Only 18% to 20% of private landlords accept tenants who pay their rent with local housing allowance. That is down from 46% in 2010-11. Why? Because universal credit encourages tenants to fall into arrears, and 38% of landlords have seen tenants in receipt of UC entering rent arrears. In Kirklees Council—my constituency council—437 claimants are on universal credit, with further roll-outs scheduled for later in the year. Some 82% of those are in arrears, to the tune of seven weeks’ rent on average, whereas before going onto UC, the figure was 5.1 weeks in arrears.
Landlords do not want to evict tenants, because it costs £1,800 to end one tenancy and start another. They want the security of knowing that they will have their rent paid regularly, in a timely fashion. Although bad and greedy landlords have given the sector a bad press, a substantial number of landlords in the private sector are hard-working and understanding. They often have only one property to let out as a contribution to their pension, or as a way of saving for the future. In fact, two thirds of landlords are basic rate taxpayers and are not on high incomes. However, although they are sympathetic to tenants, they know that they too would fall into debt if the rent was not paid.
In conclusion, it is vital that we pause and fix universal credit, ensuring that families are not made homeless due to delays in the system. More widely, we must also increase the number of affordable homes that are available. Only by increasing the numbers of affordable homes being built will we reduce waiting lists, keep rents low and keep families in private rental housing to ease the burden on councils, supporting them to provide excellent social housing for the most vulnerable in our communities.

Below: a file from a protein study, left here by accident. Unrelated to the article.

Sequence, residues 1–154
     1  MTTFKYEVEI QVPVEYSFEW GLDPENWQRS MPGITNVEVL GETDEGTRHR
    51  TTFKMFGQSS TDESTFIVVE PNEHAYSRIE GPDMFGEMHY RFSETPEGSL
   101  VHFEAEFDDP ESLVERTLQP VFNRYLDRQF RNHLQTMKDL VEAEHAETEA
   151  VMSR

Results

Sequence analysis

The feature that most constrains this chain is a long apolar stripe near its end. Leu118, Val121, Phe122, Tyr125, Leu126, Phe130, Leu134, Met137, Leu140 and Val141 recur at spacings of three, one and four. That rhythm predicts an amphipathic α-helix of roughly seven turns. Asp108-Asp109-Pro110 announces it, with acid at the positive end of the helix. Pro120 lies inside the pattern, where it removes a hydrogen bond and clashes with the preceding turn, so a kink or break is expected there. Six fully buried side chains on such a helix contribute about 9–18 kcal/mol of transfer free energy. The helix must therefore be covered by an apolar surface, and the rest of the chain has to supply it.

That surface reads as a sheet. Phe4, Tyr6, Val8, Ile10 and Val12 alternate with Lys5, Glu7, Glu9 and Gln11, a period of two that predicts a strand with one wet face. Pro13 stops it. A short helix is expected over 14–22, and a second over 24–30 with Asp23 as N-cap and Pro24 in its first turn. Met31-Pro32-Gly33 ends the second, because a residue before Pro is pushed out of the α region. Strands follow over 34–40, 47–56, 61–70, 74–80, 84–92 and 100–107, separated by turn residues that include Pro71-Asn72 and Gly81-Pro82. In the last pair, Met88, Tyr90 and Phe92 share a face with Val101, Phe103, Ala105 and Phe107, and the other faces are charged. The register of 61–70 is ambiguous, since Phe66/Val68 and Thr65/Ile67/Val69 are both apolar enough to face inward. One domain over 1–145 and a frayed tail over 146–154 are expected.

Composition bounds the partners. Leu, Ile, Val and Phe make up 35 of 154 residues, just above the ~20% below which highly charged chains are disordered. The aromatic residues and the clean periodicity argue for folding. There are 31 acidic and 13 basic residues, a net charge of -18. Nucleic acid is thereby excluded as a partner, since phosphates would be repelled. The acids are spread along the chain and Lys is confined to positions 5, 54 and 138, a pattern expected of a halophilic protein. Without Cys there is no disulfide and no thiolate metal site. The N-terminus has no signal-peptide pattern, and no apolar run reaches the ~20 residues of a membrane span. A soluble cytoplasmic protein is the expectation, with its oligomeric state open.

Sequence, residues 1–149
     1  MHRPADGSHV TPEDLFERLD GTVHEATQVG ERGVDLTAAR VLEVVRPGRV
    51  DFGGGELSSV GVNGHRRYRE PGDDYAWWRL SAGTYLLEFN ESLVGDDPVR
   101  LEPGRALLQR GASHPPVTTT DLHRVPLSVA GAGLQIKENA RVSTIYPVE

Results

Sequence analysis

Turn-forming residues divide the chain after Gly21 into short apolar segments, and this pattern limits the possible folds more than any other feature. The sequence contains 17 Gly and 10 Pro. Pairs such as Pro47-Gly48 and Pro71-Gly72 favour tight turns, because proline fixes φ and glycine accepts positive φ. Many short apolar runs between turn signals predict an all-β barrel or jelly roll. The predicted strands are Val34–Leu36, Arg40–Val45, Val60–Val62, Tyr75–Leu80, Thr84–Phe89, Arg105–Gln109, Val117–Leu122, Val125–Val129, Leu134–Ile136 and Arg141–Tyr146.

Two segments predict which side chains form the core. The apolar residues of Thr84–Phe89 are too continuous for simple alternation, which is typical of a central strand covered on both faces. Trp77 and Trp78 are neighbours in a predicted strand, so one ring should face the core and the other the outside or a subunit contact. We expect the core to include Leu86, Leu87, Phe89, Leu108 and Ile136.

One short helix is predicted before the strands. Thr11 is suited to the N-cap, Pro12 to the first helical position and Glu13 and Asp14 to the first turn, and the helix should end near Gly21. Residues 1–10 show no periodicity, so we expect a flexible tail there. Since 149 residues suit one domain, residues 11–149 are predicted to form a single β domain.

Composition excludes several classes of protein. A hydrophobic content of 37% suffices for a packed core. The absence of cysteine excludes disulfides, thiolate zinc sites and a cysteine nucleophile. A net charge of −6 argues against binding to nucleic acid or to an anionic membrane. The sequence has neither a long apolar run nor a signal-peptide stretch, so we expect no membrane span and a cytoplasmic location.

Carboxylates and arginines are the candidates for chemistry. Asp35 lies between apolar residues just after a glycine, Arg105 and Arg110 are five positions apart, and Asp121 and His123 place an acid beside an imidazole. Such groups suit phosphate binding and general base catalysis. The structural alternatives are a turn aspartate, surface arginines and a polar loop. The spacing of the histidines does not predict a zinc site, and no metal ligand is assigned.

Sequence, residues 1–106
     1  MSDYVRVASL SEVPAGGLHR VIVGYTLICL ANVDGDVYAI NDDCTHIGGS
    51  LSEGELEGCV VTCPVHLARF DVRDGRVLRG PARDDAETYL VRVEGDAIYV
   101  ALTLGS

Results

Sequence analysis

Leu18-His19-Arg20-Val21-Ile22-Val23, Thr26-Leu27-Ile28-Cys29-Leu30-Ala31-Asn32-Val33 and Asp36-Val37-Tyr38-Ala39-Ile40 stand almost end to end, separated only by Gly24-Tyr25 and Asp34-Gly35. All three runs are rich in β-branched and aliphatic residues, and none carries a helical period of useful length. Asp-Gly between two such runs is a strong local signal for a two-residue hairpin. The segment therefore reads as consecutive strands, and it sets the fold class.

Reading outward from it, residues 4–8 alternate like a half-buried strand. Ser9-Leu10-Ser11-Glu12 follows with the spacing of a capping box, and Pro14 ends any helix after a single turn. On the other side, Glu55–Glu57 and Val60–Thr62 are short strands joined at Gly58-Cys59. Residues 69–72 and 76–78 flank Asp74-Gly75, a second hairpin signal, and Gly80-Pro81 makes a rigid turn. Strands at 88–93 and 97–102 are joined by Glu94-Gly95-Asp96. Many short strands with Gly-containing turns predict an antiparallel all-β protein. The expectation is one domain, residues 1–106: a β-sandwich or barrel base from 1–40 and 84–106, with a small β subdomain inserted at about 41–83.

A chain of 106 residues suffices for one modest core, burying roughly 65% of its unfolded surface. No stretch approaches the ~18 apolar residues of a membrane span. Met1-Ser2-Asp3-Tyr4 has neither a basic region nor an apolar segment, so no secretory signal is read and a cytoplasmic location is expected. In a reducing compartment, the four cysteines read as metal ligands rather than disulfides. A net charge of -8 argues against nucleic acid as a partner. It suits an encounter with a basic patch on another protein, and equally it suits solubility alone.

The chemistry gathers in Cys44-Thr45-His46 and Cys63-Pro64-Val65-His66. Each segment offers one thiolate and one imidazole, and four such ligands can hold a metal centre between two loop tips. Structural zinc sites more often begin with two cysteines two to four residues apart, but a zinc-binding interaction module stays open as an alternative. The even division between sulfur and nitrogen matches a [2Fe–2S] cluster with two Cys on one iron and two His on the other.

It is a pleasure to serve under your chairmanship, Mr Gray. I congratulate the hon. Member for Eastbourne (Stephen Lloyd) on securing today’s debate. What we are debating this morning is a serious component of the debate around universal credit, and it is right that we dedicate appropriate time to its consideration.
Colleagues from all parties and of all positions on universal credit will have been as concerned as I was to read research conducted by the National Landlords Association in the second quarter of last year that found that only 20% of UK landlords surveyed say that they are
“willing to let to tenants in receipt of housing benefit or universal credit”.
That comes on top of evidence received in September last year by the Work and Pensions Committee, on which I serve, from the Residential Landlords Association, which stated that 38% of the landlords surveyed said that they were having issues with tenants receiving universal credit going into rent arrears. The same survey found that almost a third of landlords had, in the past year, evicted a tenant in receipt of housing benefit, and that more than two thirds of the evictions had taken place due to rent arrears. That is obviously very worrying and undoubtedly gives Members of Parliament cause for concern.
It is important to recognise that these are not in every case new problems created by universal credit. Many tenants in receipt of housing benefit have been paid housing costs directly for a very long time. Around 70% of housing benefit claimants in the private rental sector have had their housing benefit paid directly rather than to a landlord. The housing element of universal credit is paid in exactly the same way. If people need extra support, their rent can be paid directly to landlords through alternative payment arrangements, and budgeting support can be made available. Claimants whose housing benefit was previously paid directly to a landlord will be offered that option automatically. However, as we have heard in the debate, there are issues with the system. Improvements can be made, and I believe that they should be.